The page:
The point of CIA is not to categorize a problem as fitting in just one of the three categories. The point of CIA is to mention desirable characteristics, and prioritize them. (Remembering the priority may be easy for people who have heard the acronym for America's Central Intelligence Agency.)
C = Confidentiality (is it private?)
Having a temporary problem with confidentiality can be worse than temporary lacking in the other areas, because this can be unrecoverable. Once data is leaked, then there may be no way to make it secret again.
I = Integrity (is it right?)
Is the data right? This is considered more important than Availability, because information needs to be right. If information is available, but the information is wrong, then people might expensively act on the wrong information. In contrast, if information is known to be unavailable, people might wait for right information, which is frequently better than spending resources making something happen (when it's not the right thing to happen). e.g., it's better to wait for directions, then to spend money/gas/time/etc. going East if you need to go West.
A = Availability (can I access it when I should be able to?)
Good to have. (For reasons explained above, temporary lapses in availability may be less painful than temporary lapses in the other areas. Still, people like to have access when they want it.)
Now, whether you agree with that ordering or not is perhaps less important. I've heard people give fine-sounding arguments why a different order might make more sense. Well, I say that if you're learning this for some certification/exam/etc., it is good to be familiar with the widely agreed-on official order (even if you're personally unconvinced that's actually best.
One reason we refer to this triad is that having the entire triad is crucial, and can be much more challenging than maintaining either of the other two.
- Making data public, but still read-only, compromises confidentiality while integrity and availability may be in tact.
- A faulty device driver leading to writing a blank sector, instead of desired data, might still honor confidentiality and provide (wrong) data upon request, indicating that there is still availability of data (even if it isn't the right data)
- Deleting data can help to really ensure confidentiality, and not violate integrity, but remove availability.
All three are useful/necessary.
I associate integrity to be concerned with safeguarding data from unauthorized modification, such as through MITM
Integrity has to do with rightness. An artificial MITM that changes data will result in lacking integrity. A flaw in the design of memory chips (e.g., "row hammer" attack) can result in a lack of integrity. A physical defect in media, which results in a bit being misread, can result in a lack of integrity.
"availability with safeguarding data from DoS such as through smurf or teardrop attacks."
Not just artificial malicious attacks. If a RAID array is offline (and not just degraded) due to physical defects, then you're lacking availability. If you have backups, you might not be suffering a loss of integrity (you aren't giving out bad information), but you lack availability until you get the drives into an online state.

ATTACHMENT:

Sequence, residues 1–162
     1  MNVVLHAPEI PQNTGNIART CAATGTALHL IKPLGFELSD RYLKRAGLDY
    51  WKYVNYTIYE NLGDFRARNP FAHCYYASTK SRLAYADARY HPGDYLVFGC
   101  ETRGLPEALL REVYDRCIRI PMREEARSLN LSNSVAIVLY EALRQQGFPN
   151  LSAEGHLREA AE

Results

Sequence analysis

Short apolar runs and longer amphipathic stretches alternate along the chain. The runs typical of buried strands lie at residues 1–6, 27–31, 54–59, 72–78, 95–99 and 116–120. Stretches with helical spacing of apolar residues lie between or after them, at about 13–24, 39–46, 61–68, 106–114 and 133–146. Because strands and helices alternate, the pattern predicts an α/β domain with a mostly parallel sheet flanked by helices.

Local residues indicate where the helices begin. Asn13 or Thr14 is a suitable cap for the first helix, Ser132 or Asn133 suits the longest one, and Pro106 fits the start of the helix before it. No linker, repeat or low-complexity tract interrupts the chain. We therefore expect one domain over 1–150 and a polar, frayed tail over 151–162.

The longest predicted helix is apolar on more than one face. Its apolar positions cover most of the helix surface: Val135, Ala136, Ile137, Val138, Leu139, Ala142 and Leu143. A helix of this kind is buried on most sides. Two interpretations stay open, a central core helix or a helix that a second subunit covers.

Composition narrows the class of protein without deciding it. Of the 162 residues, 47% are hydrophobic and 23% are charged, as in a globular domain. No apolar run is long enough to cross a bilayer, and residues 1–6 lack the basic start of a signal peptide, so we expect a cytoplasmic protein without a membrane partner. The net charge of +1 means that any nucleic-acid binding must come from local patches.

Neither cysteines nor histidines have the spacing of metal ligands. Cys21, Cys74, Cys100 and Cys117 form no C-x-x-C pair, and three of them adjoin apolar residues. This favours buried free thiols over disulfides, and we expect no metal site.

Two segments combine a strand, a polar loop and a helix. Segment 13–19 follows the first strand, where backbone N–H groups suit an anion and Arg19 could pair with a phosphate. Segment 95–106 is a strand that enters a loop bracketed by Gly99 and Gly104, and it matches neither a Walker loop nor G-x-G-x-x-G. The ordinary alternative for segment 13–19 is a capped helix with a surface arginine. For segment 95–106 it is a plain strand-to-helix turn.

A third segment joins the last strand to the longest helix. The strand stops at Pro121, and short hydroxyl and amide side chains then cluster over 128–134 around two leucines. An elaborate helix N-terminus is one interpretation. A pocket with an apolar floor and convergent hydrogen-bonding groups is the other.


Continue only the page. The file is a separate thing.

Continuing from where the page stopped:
I am inclined to say that unauthorized deletion of data is an attack on Availability principle given the data can no longer be accessed by legitimate users.
Example one: If I take a graphic file, such as a bar chart, and overwrite some of the pixels with white pixels (effectively "deleting" part of the bars), I violated integrity. If you can still open the file, and not realize there was a problem, then the data file is still available, but it is wrong. People looking at the data will think something false; when people find out you gave them false data, they may have grounds to consider you to be a spreader of false information. People may think you're just being dishonest. This situation is a problem with integrity, not availability.
Example two: If a log file removes content about an attack, the log file may indicate everything's fine. If you report everything's fine, you're saying something wrong. This ends up placing your reputation of integrity on the line.
Now, let's look at a case of availability:
Example One: If the file with the bar charts was deleted, then you can't open the file, so there is a problem with availability. Once the file is restored, your availability is fixed. At no time did you give out wrong data. Your trustworthiness is in tact; you maintained integrity.
Example Two: Similarly, when the log file is gone, you basically know there's a problem when you see "File not found". You're not being misled, so people aren't going to fault you for information that is misleading. This is not a problem with integrity; this is a problem with availability.
Is the unauthorized deletion of data considered a breach of integrity or availability?
I've just demonstrated how this could go either way, depending on whether the deleted data was just contents within a file, or an entire file missing. However, I'd like to re-iterate my earlier point: you could experience both problems at once. So don't feel like you have to categorize a potential problem as applying to just one category or the other. (It can be both.)
Edit (clarifying that a bit) - An attacker that steals information (violating confidentiality), defaces your web site's main page (so your web server provides undesired information, a lack of data integrity) and deletes the rest of your website including your backups (so that you can't get to the right information) results in a loss of the entire CIA triad. A single attack (whether one action, or more actions) can have multiple effects, and appropriately apply to multiple categories of the CIA triad.